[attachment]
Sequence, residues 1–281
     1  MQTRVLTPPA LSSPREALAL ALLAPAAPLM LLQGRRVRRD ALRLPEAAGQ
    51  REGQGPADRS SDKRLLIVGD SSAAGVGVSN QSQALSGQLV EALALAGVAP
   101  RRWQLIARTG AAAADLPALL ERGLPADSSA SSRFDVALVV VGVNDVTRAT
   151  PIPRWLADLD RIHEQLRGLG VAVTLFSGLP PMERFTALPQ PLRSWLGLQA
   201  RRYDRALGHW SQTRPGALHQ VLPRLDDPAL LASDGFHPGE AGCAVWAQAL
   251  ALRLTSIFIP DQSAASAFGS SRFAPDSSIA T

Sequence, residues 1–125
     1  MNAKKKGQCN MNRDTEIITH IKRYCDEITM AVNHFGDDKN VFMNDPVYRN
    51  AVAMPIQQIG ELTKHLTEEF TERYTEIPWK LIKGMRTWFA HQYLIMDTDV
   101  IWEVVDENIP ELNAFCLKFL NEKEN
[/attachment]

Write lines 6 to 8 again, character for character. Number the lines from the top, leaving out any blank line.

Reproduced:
   201  RRYDRALGHW SQTRPGALHQ VLPRLDDPAL LASDGFHPGE AGCAVWAQAL
   251  ALRLTSIFIP DQSAASAFGS SRFAPDSSIA T

Sequence, residues 1–125